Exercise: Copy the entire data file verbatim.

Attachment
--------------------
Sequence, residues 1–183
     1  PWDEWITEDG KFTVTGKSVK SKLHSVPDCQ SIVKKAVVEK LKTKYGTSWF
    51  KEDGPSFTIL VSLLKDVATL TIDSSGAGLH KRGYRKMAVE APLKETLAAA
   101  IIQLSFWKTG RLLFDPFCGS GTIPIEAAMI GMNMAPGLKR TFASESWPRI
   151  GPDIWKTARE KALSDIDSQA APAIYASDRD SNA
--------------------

Sequence, residues 1–183
     1  PWDEWITEDG KFTVTGKSVK SKLHSVPDCQ SIVKKAVVEK LKTKYGTSWF
    51  KEDGPSFTIL VSLLKDVATL TIDSSGAGLH KRGYRKMAVE APLKETLAAA
   101  IIQLSFWKTG RLLFDPFCGS GTIPIEAAMI GMNMAPGLKR TFASESWPRI
   151  GPDIWKTARE KALSDIDSQA APAIYASDRD SNA